The end of the year will be here before we know it, but there is still time to get some major estate planning goals accomplished. Here are ten things to do before the end of 2014.
One: Get Organized.
Would your family:
Two: Update health care documents. Everyone over the age of 18 needs a Durable Power of Attorney for Heath Care, which gives another person legal authority to make health care decisions (including life and death decisions) for you if you are unable to make them for yourself; and 2) HIPPA Authorizations, which give written consent for doctors to discuss your medical situation with others, including family members. Give copies to your agents and your doctors. Make sure they are stored in a convenient location readily accessible by your family. Hint: Not in your Safety Deposit box.
Three: Prepare a Financial Power of Attorney. Who do you want to be in control of your finances? Without a written Financial Power of Attorney, the Court will be in charge of your affairs if you are incapacitated. Do it right. A power of attorney needs to be well-thought out so it is effective when you need it most.
Four: Have your estate planning done. Set the end of the year as your deadline to finally get this completed. Stop procrastinating. If it’s because you don’t have an attorney, ask friends and acquaintances for referrals. If it’s because you aren’t sure who you want to be the guardian for your minor children or who you want to be your trustee or how to divide your estate, your attorney can help you decide. (You can always change your mind later. Don’t let these decisions keep you from putting a plan in place now).
Five: Review and update your existing estate plan. Personal and financial circumstances will change throughout your lifetime, and your plan needs to change with them. Revisions should be made any time there are changes in your family (birth, death, marriage, divorce, remarriage), your finances, tax laws, or if a trustee or executor can no longer serve. Now is a perfect time to do this; if there are changes you want to share with family members, you can do that when they are home for the holidays.
Six: Review/update beneficiary designations. This is especially important if your beneficiary has died or if you are divorced. If your beneficiary is incapacitated or is a minor, setting up a trust for this person and naming the trust as beneficiary will prevent the court from taking control of the proceeds.
Seven: Make tax-free gifts. Under current federal law, you can give up to $14,000 to as many people as you wish each year. This is a great way to reduce the size of your estate (and potentially save estate taxes) over time. Charitable gifts are unlimited. So are gifts for tuition and medical expenses, if you give directly to the institution.
Eight: Review/update your insurance. Check the amount of your life insurance coverage and see if it meets your family’s current needs. Consider getting long-term care insurance to help pay for the costs of long-term care (and preserve your assets for your family) in the event you and/or your spouse should need it due to illness or injury.
Nine: Talk to your children about your estate plan. You don’t have to show them bank and financial statements, but you can talk in general terms about what you are planning and why. The more they understand it, the more likely they are too readily accept it—and that will help to avoid discord after you are gone. You can also talk to them about your values and the opportunities that money can provide. Even better, show your values by doing charitable work together —the holidays are an excellent time for families to do this.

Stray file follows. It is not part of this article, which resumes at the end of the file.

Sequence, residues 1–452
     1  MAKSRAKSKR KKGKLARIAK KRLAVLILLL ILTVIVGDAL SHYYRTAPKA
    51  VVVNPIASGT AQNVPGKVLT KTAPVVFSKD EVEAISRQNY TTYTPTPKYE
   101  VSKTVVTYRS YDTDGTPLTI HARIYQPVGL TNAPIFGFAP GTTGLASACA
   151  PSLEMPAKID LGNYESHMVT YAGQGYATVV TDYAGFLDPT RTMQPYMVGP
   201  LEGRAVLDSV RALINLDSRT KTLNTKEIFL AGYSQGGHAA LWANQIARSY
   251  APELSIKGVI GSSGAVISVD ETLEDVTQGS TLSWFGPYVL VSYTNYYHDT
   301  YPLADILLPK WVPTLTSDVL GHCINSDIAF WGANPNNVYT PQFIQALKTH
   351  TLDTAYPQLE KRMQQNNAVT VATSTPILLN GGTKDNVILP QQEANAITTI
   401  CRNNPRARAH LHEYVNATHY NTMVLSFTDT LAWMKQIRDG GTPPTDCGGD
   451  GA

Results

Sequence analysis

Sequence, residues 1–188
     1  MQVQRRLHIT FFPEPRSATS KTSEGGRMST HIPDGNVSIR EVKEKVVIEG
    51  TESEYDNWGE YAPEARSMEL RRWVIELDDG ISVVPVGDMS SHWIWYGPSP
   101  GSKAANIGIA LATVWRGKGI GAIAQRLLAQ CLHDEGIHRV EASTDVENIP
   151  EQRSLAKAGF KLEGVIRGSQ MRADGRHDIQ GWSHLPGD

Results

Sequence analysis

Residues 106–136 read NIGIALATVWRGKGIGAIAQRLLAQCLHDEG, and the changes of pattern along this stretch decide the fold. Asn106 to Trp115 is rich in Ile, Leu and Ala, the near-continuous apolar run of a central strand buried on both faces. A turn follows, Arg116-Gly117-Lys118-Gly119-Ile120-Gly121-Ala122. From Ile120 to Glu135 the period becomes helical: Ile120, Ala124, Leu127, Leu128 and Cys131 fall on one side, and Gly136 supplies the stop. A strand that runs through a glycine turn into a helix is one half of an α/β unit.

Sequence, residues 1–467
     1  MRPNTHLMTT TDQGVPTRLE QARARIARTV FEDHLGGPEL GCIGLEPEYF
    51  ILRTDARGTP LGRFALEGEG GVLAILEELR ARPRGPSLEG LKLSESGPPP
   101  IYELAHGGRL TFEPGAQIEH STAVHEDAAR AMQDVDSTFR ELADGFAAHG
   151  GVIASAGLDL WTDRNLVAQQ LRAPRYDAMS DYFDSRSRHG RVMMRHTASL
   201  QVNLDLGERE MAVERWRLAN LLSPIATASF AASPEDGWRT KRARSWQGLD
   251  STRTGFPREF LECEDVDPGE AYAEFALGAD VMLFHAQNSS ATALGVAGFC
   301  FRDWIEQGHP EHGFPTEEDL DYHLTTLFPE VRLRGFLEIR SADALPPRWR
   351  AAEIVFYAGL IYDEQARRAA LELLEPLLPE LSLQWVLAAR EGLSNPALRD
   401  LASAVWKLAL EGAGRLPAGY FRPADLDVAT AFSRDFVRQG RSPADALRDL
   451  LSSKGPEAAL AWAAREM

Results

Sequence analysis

Ten: Get basic documents for your unmarried kids who are over 18. It’s a mild shock when we learn we can’t see our college kids’ grades without their permission, even though we pay the tuition. It can be much worse if they become ill. Adults (18 and over) need to have a Durable Power of Attorney for Health Care and HIPPA Authorization so you can act on their behalf in a medical emergency. And, while you’re at it, go ahead and have your attorney prepare a Simple Will and Durable Power of Attorney. Hopefully, these will not be needed but if an event does occur, you will be glad you have them.
Eleven: Get Your Free Credit Report. We are all entitled to one free credit report every year at https://www.annualcreditreport.com/index.action. IF you haven’t gotten yours yet, make sure you do this before the end of the year.
Twelve: Make Your Contributions to your Retirement Plan. Now is the time to get those contributions into your plan. If you have not contributed enough to get your employers full match change your contribution amount in your remaining paychecks. If you have an IRA or better a Roth IRA make your contributions. Think about a ROTH IRA conversion. See your tax advisor now to discuss this planning opportunity.
Thirteen: Make Your Charitable Contributions. Donate to your favorite Charity. Some of the best donations are appreciated assets like stock. You also will want to clean up your clutter and give those gently used items to Goodwill.
Fourteen: Get Tax Ready. Make an appointment with your tax advisor so you can make adjustments before the end of the year. Get your bills, receipts and income items organized now. Make the upcoming tax season easier on yourself.